Summer is convention season and I wrapped mine up with two: Comix & Stories in Vancouver and PAX in Seattle.
Held at Heritage Hall on August 29th, Comic & Stories was a venue for local comic book creators and publishers to promote their books. I picked up a bunch, and overall was very impressed with everything I read.
I started off by picking up the latest issue of Ghost Projekt, written by Joe Harris and illustrated by Steve Rolston . Now on its fourth issue, Ghost Projekt is a horror comic set in Russia, where a forgotten weapon of the Cold War has been dug up and unleashed. I have read the previous issues as well, and for me issue 4 is where the story really started to come together, leaving me pumped for the fifth and final installment.
After leaving Steve Rolston’s booth, I made my way around the room and came to a table shared by Epidigm comic studio and Big Fat Mind. I picked up Anatta from Epidigm, a science-fiction comic set in Vancouver about a future where human consciousness can by transferred between bodies. Created by Wei Li and Anise Shaw, it is a highly engaging story and I would recommend checking it out.
I was originally drawn to Big Fat Mind by the unconventional and subversive art style. The story itself is disturbing, and I admire creator Alan Chow for taking such a dark and irreverent approach to comics.
I also bought Daqueran #1 from Gurukitty. I was attracted to their booth by adorable little key-chains that I thought were octopi. It turns out they represented Tik, a character from Daqueran, who is a tick and lives in the title character’s boot. Gurukitty also provided a free DVD of two cartoon shorts. The first was a cute Tik story, and the other was a more disturbing tale of a cat, some birds and the cruelty of nature.
Overall it was an enjoyable convention and I was able to get my hands on some quality local comics. But it seems like I barely found time in the week to read through them all, and then I was off to Seattle for the Penny Arcade Expo (PAX).
PAX is the largest convention I’ve ever been to and I found the experience more or less overwhelming. The first two days I had to retreat back to the hostel for mid-afternoon naps, and the third and last day of the con was largely spent outside the convention centre. Luckily though I was in good company. On the trip with me were Reid (BioWare employee), James (video game geek and former BioWare employee), and Jordan (my husband and also a video game geek).
PAX was created by Jerry Holkins and Mike Krahulik, who are also the creators of the Penny Arcade webcomic. The convention features console games, computer games and tabletop games, not to mention panels with industry pros, live music, and Wil Wheaton. It was awesome. But again, also overwhelming.
All I can remember from the first day of the convention was walking around while lights flashed in my face and gamers surrounded me. I regained full consciousness long enough to spot the Oni Press booth and score some sweet Scott Pilgrim swag.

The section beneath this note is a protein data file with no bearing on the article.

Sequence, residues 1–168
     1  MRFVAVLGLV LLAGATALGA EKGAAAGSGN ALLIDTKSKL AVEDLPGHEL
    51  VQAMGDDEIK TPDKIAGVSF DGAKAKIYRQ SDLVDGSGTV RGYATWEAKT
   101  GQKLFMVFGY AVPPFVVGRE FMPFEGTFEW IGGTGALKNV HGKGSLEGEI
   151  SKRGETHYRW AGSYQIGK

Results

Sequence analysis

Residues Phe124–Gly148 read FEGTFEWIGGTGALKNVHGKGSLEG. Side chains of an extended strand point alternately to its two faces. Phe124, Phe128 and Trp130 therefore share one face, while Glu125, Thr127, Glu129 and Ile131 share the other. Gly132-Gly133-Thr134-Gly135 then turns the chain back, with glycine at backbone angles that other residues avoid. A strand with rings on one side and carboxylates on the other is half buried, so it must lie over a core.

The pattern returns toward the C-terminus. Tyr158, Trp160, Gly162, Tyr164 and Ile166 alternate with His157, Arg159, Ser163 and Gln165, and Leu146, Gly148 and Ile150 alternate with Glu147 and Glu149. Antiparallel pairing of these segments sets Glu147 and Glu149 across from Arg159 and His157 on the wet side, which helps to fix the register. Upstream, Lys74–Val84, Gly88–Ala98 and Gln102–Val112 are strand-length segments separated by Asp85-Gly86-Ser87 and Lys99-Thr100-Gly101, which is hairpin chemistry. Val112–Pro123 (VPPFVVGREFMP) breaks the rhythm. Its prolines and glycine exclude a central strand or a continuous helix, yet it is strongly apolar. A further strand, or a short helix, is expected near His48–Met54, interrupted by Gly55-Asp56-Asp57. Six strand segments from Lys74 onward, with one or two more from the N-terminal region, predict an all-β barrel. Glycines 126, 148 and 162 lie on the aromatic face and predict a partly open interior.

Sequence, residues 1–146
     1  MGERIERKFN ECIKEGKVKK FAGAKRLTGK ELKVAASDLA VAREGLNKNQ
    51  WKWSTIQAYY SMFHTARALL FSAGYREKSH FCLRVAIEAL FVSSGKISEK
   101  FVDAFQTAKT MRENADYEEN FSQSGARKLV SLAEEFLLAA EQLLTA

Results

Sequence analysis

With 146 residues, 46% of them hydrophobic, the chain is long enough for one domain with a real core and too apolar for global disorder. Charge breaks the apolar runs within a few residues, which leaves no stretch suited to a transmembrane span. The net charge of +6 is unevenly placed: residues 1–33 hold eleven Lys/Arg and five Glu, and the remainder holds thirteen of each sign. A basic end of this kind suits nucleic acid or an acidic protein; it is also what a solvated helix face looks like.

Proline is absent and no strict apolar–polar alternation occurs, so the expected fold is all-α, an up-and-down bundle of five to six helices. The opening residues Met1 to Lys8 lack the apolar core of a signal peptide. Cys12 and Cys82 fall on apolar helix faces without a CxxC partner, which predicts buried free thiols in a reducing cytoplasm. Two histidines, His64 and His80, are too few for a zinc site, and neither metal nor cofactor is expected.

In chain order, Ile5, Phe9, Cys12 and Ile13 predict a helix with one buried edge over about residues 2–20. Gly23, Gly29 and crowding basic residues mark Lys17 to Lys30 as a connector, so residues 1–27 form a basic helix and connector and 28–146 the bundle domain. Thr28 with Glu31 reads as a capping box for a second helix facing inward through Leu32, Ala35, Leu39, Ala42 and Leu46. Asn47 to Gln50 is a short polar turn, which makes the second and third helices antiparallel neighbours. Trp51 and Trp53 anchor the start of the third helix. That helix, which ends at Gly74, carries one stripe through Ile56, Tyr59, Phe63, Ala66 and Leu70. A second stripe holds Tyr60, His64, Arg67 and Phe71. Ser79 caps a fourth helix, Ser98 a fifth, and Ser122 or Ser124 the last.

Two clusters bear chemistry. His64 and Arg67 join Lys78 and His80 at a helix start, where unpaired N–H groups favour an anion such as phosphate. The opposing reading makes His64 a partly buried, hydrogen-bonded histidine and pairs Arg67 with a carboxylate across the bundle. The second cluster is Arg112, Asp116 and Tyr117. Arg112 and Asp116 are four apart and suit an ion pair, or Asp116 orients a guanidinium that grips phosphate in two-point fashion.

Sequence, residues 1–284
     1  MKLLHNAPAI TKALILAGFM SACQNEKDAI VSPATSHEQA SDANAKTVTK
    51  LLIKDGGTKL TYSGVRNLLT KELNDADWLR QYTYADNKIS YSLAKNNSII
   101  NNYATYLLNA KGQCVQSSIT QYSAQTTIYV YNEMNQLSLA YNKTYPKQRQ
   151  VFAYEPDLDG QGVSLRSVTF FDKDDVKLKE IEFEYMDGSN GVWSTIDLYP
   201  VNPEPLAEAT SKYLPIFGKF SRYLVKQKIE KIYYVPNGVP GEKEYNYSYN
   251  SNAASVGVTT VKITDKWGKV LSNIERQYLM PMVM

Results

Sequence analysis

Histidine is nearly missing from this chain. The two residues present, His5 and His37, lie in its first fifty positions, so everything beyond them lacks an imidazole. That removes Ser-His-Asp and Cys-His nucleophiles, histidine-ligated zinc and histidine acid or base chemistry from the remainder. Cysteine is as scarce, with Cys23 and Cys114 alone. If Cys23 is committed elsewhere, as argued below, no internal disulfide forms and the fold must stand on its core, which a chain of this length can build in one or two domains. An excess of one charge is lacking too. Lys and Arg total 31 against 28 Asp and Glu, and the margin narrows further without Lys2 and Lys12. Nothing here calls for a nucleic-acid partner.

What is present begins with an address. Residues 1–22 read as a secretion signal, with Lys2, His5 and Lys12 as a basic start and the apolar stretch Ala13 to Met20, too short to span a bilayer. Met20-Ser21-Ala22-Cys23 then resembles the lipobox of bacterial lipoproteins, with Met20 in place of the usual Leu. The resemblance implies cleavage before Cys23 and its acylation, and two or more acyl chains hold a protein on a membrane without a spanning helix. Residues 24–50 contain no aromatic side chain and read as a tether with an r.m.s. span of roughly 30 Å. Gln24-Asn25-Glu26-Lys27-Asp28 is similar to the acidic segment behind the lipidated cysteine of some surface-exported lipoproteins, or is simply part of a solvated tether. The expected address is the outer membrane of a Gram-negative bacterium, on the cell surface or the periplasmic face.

I also remember the lines. The four of us lined up to get into the Friday night concert along with Chris and Tyler (also from BioWare). Two hours later we were finally allowed into the concert hall where we had to suffer through some crap metal –ish? Band, before Anamanaguchi came on. Anamanaguchi is responsible for the Scott Pilgrim vs The World: The Game soundtrack, and even though their set suffered some technical difficulties, they were amazing performers and it was worth it to see them play.
The second day is another blur, although I know Jordan and I made it to a record store, where I scored the Scott Pilgrim vs The World movie soundtrack on vinyl (are you noticing a theme to this trip?). We then attempted to attend a panel with Wil Wheaton, but by the time we got there the room was full and we couldn’t get in, thus assuring Jordan and I wouldn’t attend a panel the entire convention.
After suffering such a cruel disappointment we adjourned to the console gaming room—a large section of the convention hall dedicated to rows of Sony TVs hooked up to gaming consoles—and played original Nintendo games, until meeting up with Reid, James, Chris and Tyler at a local restaurant.
The four guys had gone to a panel in which the panelists attempted to create a decisive top ten list for video games, but none of the four thought they’d gotten it right. And so naturally, after many beer-fueled, argument-filled hours and some encouragement from me, the four of them, along with Jordan, developed their own list of the Top Ten Timeless Video Games. The relative timelessness of a game was judged on its accessibility to new players and the longevity of its appeal. Behold:
Top Ten Timeless Video Games
- Super Mario World
- Chrono Trigger
- The Legend of Zelda: A Link to the Past
- Sonic the Hedgehog 3
- Street Fighter III 3rd Strike
- Burnout 3: Takedown
- Final Fantasy VII
- Ninja Gaiden
Exhausted by the effort of creating such an epic list and from two days of PAX, we mostly spent the third day relaxing at Gameworks, an arcade across from the convention centre. Then it was time to head home, back to Canada, where Jordan and I downloaded Kirby Superstar.